A leading commercial bank in Asia aimed to expand its lending business within the SME segment, with a focus on increasing cross-sales. We used the Accenture Applied Intelligence Platform to integrate, process and analyse more than two terabytes of external data at scale. A pilot program generated more than four million leads, identified 40 percent more cross-sell opportunities and saw a 46 percent increase in loan applications.

New skills need to catch up with technology

With those pieces in place, the question becomes: How do we empower RMs to still perform their role with clients while working alongside new technologies?

The answer: By helping them develop new skills, both digital and human. That means digital skills like working alongside artificial intelligence (AI), which could be leveraged in cross-sell propensity models or retention models, or tools to gather and validate information in preparation for client meetings. Equally important are human skills like relationship building, empathy and creative problem solving.

For some RMs, the transition will be seamless. For others, it will be more challenging. Banks’ success relies on helping RMs, whatever their propensity for change, to transform their skills and get up to speed.

Some key principles to keep in mind through the transformation:

  • Co-create the future RM role. People are more apt to change when change happens with them, not at them. Engage RMs to co-create their future roles and drive adoption. After all, they know best what’s needed to be successful in their roles: key skills, top priorities and where to spend their time. They also know what fuels successful teams and optimal client portfolio composition. Co-creating the RM role also helps you design products that they’ll actually use. Designing technology with people in mind is a critical way to avoid tech-clash.
  • Invest in learning. When people work in an environment that values learning then—surprise!—they’re more likely to learn. Some of this can be driven centrally, through investments in the right learning platforms and aligning incentives and promotion with new skills development. But it’s important to remember that each individual and team goes through a learning journey differently. Rather than a one-size-fits-all approach, try a more subtle approach that acknowledges where each team is starting from, what they’re experiencing through the change and what they need to be successful. Read more about how to create learning that sticks.
  • Find the fuel and friction. Change is hard, but people can and do change. At Accenture, we use behavioural science to find what fuels new behaviours—and what friction might hinder progress. First, know that you can only change so much at one time. Prioritise the behaviours that will provide the greatest value and start there. We use structured experiments using randomised control trials or A/B/n testing to identify what works and what doesn’t. Open experiments encourage people to spark new behaviours through microchallenges and grassroots change, simply by nudging people to act out or try on new behaviours. Finally, large-scale analytics can identify patterns in behavioural data to help scale successful interventions. Learn more about using behavioural science to create change in your organisation.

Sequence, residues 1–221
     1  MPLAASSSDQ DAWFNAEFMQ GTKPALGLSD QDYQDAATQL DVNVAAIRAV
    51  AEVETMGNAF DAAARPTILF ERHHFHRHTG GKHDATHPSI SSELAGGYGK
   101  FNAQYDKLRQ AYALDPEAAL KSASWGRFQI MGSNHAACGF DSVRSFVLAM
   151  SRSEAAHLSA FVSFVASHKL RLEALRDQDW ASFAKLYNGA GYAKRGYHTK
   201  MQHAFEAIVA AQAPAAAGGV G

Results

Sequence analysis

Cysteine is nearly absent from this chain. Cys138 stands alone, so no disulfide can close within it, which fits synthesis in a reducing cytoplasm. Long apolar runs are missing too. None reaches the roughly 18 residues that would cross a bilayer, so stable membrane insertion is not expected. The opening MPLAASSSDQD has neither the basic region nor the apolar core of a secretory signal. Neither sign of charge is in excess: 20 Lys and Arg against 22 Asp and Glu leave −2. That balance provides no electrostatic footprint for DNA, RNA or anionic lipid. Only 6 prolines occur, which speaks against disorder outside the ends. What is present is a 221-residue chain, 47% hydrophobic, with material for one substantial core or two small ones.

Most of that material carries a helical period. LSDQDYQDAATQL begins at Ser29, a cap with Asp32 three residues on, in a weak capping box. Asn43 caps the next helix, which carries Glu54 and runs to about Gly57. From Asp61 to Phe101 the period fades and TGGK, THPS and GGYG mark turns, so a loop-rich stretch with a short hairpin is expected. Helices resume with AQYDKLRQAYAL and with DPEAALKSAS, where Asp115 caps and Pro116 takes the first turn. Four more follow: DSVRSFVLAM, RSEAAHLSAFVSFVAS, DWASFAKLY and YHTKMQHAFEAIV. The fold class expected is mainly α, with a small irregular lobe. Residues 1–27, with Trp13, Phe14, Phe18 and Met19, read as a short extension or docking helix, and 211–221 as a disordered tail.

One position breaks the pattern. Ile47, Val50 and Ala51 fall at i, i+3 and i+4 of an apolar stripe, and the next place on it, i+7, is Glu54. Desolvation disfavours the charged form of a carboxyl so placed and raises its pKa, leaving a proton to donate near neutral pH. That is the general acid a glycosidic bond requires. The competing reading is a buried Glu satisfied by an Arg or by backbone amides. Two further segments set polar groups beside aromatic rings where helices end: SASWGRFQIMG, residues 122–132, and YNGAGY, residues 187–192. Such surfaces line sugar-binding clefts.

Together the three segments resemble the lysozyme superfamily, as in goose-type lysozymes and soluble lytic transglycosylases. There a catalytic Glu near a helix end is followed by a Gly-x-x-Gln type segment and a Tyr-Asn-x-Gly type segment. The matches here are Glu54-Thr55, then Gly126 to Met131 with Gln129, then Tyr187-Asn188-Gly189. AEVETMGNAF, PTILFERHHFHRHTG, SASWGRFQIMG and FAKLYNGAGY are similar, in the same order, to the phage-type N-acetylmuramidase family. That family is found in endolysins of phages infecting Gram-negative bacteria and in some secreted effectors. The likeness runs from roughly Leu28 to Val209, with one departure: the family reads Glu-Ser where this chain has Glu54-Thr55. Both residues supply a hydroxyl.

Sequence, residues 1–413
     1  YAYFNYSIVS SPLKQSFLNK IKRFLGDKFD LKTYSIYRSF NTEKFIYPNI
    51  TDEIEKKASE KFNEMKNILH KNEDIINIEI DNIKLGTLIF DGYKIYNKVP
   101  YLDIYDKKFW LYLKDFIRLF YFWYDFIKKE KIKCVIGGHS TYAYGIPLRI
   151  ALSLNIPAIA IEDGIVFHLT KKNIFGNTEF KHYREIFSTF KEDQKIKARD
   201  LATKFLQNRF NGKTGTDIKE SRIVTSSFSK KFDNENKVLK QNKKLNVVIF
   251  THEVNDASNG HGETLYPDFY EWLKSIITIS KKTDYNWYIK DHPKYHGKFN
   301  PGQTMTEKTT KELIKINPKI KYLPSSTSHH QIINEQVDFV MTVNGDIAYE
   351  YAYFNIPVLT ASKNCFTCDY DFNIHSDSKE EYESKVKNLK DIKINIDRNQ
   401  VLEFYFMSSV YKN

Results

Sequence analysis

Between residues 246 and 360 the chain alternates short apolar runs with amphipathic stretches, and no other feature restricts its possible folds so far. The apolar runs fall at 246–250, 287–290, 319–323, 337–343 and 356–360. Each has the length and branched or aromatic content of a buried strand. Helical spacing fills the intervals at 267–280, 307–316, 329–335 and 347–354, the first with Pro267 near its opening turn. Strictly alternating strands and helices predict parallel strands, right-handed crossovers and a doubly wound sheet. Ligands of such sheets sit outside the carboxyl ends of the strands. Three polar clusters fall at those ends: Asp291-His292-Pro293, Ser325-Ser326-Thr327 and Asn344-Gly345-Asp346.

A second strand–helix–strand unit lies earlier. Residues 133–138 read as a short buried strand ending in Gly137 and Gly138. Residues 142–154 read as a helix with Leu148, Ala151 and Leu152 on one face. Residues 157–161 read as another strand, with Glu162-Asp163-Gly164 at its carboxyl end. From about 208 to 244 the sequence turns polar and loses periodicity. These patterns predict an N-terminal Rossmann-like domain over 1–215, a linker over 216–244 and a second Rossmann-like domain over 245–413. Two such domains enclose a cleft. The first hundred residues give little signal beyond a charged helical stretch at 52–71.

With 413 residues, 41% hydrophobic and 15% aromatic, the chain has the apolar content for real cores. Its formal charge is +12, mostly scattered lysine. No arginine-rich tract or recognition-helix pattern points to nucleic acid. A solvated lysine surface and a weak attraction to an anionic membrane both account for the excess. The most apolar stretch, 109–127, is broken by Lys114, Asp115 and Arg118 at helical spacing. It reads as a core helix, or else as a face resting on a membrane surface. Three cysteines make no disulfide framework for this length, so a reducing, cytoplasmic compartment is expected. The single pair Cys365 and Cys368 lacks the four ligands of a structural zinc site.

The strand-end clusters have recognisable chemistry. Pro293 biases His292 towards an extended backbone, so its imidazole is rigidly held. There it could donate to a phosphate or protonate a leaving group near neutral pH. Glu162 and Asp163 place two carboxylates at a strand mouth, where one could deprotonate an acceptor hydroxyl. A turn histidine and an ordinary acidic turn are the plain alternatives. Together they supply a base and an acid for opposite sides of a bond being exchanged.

New skilling in action: Driving digital tool adoption to improve customer-centricity

Here’s an example of how these pieces work together. We partnered with a major retail and commercial bank that knew a new CRM platform across sales and service would enable digital and data-driven ways of working—critical capabilities to create a great customer experience.

But historically, it had been a challenge to get relationship managers (RMs) to adopt new tools. The bank wanted us to design the right tool and ensure that it got adopted.

How did we do it? By using behavioural science and keeping end-users at the centre of the transformation.

  • First, we used behavioural science to identify what was hindering RMs’ adoption of new digital tools and other customer-centric ways of working.
  • Then, we co-created the CRM system with RMs, using a human-centred design approach, which enabled the desired behaviours.
  • Finally, we used microchallenges and gamification to turn desired behaviours into habits, which increased tool adoption across the wider RM population.

That approach paid off. We successfully drove adoption of the CRM platform across 3000 users and saw a marked increase in the bank’s NPS scores in just six months—putting it well on its way to achieving its ambition of being number one for customer service.

Connecting with customers—virtually

Relationship managers—now doing from home what was an intensely in-person job—need to be more strategic in the way that they relate to and support their customers in hyper-personalized ways.

  • Be real. Empathy and human connection are more important than ever, and taking a few minutes at the beginning of each call to check in with how customers are doing, both in business and as people, can go a long way. (Recall how high-performing RMs in Japan used baseball as a way to ease into shop talk with clients.)
  • Meet customers where they want to be. Some may want plain old phone calls, while others may prefer video (in which case, make sure you’ve got good lighting, a decent backdrop and that your camera is well-positioned).
  • Allow more time. One challenge of working virtually is that it can be harder to discuss and make hard decisions. Consider sending documents in advance of a client meeting so they can arrive with comments and ideas for the discussion. And allow ample time for calls. Discussions and decisions will take longer, and customers may need time to get comfortable before they really share what’s going on with them—and where they need help.

Benefits of transforming the RM role

As I highlighted above, transforming the RM’s role can increase revenue, create extra capacity for RMs and improve retention of your highest performers. Augmenting RMs with digital tools also starts to close the gap between employee expectations and the current state of affairs. For example, three out of four insurance and banking executives agree their employees are more digitally mature than their organisation—that is, the workforce is waiting for the organisation to catch up.

It also plays into how your business will attract new talent. For example, research from Dell and Intel found that 42 percent of employees would leave their current position because of substandard technology and 82 percent said technology plays a part in where they decide to work.

Investments in the employee experience pay off with more engaged, committed employees who deliver higher levels of productivity and are more supportive of innovation and change. And they also contribute significantly to superior customer experiences.

Which brings us full circle. Right now, SMEs are struggling with the economic fallout of COVID-19. And banks have an opportunity to find ways to help SME customers stay in business and grow—and equip RMs for the future of work while they do it. The customers that get the help they need will likely be a customer for life.

This is a pivotal moment for commercial banks. Will you rise to the occasion?

Download our latest report with three actions to evolve the commercial banking RM.